An array of bits can be a very fast data structure for a sequential search! The optimized find is inspecting 64 bits at a time. And due to the space optimization, it is much less likely to cause a cache miss. However if the implementation fails to do this, and naively checks one bit at a time, then this giant 75X optimization turns into a significant pessimization.

count

std::count can be optimized much like std::find to process a word of bits at a time:

template <class C>
typename C::difference_type
test()
{
    C c(100000);
    c[95000] = true;
    return std::count(c.begin(), c.end(), true);
}

My results are:

  1. 1.0
  2. 0.044
  3. 1.02

Here the results are not quite as dramatic as for the std::find case. However any time you can speed up your code by a factor of 20, one should do so!

fill

std::fill is yet another example:

template <class C>
void
test()
{
    C c(100000);
    std::fill(c.begin(), c.end(), true);
}

My results are:

  1. 1.0
  2. 0.40
  3. 38.

The optimized fill is over twice as fast as the non-specialized vector<bool>. But if the vendor neglects to specialize fill for bit-iterators the results are disastrous! Naturally the results are identical for the closely related fill_n.

copy

std::copy is yet another example:

template <class C>
void
test()
{
    C c1(100000);
    C c2(100000);
    std::copy(c1.begin(), c1.end(), c2.begin());
}

My results are:

  1. 1.0
  2. 0.36
  3. 34.

The optimized copy is approaches three times as fast as the non-specialized vector<bool>. But if the vendor neglects to specialize fill for bit-iterators the results are not good. If the copy is not aligned on word boundaries (as in the above example), then the optimized copy slows down to the same speed as the copy for A. Results for copy_backward, move and move_backward are similar.

swap_ranges

std::swap_ranges is yet another example:

template <class C>
void
test()
{
    C c1(100000);
    C c2(100000);
    std::swap_ranges(c1.begin(), c1.end(), c2.begin());
}

My results are:

  1. 1.0
  2. 0.065
  3. 4.0

Here bit_vector<> is 15 times faster than an array of bools, and over 60 times as fast as working a bit at a time.

rotate

std::rotate is yet another example:

template <class C>
void
test()
{
    C c(100000);
    std::rotate(c.begin(), c.begin()+c.size()/4, c.end());
}

My results are:

  1. 1.0
  2. 0.59
  3. 17.9

Yet another example of good results with an optimized algorithm and very poor results without this extra attention.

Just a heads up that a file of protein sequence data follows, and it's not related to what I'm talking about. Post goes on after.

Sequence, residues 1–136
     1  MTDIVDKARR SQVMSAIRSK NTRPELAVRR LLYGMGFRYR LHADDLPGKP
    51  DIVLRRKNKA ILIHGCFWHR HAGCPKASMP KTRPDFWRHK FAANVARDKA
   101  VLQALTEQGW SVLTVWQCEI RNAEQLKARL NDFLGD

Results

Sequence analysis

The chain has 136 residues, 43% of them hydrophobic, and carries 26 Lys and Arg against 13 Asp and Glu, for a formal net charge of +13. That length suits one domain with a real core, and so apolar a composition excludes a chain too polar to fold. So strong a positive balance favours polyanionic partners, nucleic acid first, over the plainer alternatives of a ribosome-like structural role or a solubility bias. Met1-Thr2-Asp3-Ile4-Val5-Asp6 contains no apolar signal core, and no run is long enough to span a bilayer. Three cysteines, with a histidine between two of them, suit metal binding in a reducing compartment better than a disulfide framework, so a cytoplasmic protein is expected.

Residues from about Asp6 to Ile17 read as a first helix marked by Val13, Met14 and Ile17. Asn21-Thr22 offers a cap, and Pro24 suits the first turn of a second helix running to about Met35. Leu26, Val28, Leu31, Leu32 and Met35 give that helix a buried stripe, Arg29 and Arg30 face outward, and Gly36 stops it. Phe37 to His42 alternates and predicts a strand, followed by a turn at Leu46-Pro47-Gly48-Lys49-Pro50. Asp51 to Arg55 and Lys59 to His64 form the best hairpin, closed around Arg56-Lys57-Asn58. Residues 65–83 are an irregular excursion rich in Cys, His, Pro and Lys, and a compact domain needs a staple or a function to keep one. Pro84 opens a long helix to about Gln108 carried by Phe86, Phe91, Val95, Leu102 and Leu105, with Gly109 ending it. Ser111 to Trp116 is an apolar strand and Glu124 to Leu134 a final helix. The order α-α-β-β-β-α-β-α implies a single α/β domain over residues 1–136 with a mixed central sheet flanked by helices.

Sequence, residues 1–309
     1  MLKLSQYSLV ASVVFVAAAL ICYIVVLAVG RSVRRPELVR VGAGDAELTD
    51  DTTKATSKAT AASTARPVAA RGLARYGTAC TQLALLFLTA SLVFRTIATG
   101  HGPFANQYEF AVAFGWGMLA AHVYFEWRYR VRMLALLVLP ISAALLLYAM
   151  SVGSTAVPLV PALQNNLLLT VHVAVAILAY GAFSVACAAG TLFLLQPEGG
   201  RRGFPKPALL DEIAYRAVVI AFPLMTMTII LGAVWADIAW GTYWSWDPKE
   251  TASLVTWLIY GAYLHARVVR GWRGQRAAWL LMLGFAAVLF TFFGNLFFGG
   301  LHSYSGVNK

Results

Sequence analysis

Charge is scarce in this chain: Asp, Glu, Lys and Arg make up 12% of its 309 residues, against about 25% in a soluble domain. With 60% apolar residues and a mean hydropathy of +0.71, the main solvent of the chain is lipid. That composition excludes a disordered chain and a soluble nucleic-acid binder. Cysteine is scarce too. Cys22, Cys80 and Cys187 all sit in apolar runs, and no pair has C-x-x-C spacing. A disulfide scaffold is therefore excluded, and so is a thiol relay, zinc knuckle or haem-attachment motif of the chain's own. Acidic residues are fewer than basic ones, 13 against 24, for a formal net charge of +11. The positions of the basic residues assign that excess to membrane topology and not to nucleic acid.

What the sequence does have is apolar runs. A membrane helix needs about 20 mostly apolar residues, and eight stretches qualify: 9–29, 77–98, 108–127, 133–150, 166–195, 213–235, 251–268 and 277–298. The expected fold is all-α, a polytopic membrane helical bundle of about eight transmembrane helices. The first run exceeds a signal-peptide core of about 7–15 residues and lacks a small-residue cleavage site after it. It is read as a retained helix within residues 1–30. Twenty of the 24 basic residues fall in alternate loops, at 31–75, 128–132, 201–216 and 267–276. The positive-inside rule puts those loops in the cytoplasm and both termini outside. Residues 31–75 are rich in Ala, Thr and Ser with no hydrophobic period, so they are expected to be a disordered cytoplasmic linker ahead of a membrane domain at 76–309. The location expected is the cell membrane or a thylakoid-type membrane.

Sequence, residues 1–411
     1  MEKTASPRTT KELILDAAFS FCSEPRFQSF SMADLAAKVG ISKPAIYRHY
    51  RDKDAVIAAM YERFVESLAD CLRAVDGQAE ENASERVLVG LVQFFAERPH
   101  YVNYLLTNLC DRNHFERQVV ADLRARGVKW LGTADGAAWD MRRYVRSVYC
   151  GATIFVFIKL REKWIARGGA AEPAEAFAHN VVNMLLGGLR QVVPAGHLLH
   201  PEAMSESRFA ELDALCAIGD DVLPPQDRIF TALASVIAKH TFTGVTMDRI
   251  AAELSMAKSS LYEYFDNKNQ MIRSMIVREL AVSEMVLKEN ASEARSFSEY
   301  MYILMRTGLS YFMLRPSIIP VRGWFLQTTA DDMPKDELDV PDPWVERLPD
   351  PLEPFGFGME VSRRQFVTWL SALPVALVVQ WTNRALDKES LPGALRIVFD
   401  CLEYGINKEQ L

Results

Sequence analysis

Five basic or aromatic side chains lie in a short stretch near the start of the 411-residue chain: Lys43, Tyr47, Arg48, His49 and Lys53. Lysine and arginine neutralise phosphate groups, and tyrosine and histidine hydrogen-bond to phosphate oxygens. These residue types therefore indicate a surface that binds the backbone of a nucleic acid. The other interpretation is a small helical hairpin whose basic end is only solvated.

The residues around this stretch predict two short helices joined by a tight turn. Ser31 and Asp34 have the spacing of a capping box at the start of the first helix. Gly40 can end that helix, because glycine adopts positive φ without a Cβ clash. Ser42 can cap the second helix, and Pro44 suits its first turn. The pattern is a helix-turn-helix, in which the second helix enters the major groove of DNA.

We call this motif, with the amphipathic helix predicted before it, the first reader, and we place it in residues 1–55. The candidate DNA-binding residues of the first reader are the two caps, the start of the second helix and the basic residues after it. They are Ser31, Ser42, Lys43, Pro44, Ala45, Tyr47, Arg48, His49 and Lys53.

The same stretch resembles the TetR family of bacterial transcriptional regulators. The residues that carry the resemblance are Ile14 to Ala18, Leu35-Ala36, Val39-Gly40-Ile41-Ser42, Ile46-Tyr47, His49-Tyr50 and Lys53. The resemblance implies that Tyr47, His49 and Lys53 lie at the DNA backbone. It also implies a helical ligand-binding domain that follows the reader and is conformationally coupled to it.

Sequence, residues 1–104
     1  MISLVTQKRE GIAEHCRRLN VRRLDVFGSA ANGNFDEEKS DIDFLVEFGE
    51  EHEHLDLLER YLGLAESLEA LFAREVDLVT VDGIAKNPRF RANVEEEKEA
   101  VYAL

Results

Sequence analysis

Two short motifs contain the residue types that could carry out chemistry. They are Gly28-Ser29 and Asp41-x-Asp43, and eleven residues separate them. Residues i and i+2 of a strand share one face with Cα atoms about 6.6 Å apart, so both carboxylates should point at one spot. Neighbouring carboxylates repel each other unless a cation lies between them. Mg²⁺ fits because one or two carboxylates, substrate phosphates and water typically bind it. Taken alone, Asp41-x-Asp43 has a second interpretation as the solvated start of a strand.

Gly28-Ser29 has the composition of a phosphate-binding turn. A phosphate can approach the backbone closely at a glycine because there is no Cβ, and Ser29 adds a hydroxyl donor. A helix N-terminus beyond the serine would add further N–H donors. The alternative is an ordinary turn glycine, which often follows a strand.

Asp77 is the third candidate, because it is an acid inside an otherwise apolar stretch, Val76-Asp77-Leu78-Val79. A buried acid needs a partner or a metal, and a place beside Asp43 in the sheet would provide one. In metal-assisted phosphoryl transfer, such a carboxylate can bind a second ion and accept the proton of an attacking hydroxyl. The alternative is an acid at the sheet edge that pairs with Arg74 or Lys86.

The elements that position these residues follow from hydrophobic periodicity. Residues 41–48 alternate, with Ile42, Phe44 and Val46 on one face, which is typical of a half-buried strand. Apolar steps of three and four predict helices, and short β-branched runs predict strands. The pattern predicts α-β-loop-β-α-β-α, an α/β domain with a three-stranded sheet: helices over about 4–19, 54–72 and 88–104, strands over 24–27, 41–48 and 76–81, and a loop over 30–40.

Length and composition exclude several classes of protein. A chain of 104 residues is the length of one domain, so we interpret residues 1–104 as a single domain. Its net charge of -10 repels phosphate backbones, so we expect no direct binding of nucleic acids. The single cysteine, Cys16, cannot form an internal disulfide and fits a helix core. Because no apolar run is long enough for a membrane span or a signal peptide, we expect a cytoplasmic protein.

equal

std::equal is yet another example:

template <class C>
bool
test()
{
    C c1(100000);
    C c2(100000);
    return std::equal(c1.begin(), c1.end(), c2.begin());
}

My results are:

  1. 1.0
  2. 0.016
  3. 3.33

If you're going to compare a bunch of bools, it is much, much faster to pack them into bits and compare a word of bits at a time, rather than compare individual bools, or individual bits!

Summary

The dynamic array of bits is a very good data structure if attention is paid to optimizing algorithms that can process up to a word of bits at a time. In this case it becomes not only a space optimization but a very significant speed optimization. If such attention to detail is not given, then the space optimization leads to a very significant speed pessimization.

But it is a shame that the C++ committee gave this excellent data structure the name vector<bool> and that it gives no guidance nor encouragement on the critical generic algorithms that need to be optimized for this data structure. Consequently, few std::lib implementations go to this trouble.

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Comments (12)

0 0

Tianyu Zhu said on Nov 22, 2012 02:58 PM:

Could the following code

for (auto& t : v)
process(t);

be fixed if we had used auto&& instead?
0 0

AaronMcDaid said on Nov 22, 2012 04:52 PM:

Tianyu is right.

> Could the following code for (auto& t : v) process(t); be fixed if we had used auto&& instead?

auto&& works instead.
0 0

Martin Ba said on Nov 23, 2012 07:00 AM:

"... few std::lib implementations go to this trouble. ..."

It would certainly be interesting which do. (And what about boost::dynamic_bitset ...)
0 0

gmit said on Nov 23, 2012 05:46 PM:

I remember being not too happy with multithreaded modification of vector<bool> members back in VS2003. What does C++ standard say about this?
0 0

Robert Klarer said on Nov 24, 2012 10:43 AM:

To Tianyu and Aaron:

I think that Howard's point is that this is generic code. It shouldn't be necessary to add a workaround -- such as the one that you suggest -- to the example just so that was can handle the vector<bool> special case.
0 0

Robert Klarer said on Nov 24, 2012 10:45 AM:

s:was:we:

Can we get an edit button? grin
0 0

AaronMcDaid said on Nov 24, 2012 10:53 AM:

Robert, I agree with you on both counts, including the desirability of an edit button.